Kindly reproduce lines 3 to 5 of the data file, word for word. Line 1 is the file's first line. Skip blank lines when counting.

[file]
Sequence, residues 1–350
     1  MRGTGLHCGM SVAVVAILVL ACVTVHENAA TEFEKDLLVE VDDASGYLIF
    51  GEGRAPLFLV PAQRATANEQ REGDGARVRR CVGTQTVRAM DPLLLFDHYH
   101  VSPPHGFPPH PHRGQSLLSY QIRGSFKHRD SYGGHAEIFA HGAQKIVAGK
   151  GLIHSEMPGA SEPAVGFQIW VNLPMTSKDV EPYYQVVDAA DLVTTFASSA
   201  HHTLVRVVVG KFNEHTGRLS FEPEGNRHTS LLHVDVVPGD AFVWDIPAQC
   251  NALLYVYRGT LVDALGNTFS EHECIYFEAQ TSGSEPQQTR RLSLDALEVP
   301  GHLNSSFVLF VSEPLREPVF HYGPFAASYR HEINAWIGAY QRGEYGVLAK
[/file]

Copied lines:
    51  GEGRAPLFLV PAQRATANEQ REGDGARVRR CVGTQTVRAM DPLLLFDHYH
   101  VSPPHGFPPH PHRGQSLLSY QIRGSFKHRD SYGGHAEIFA HGAQKIVAGK
   151  GLIHSEMPGA SEPAVGFQIW VNLPMTSKDV EPYYQVVDAA DLVTTFASSA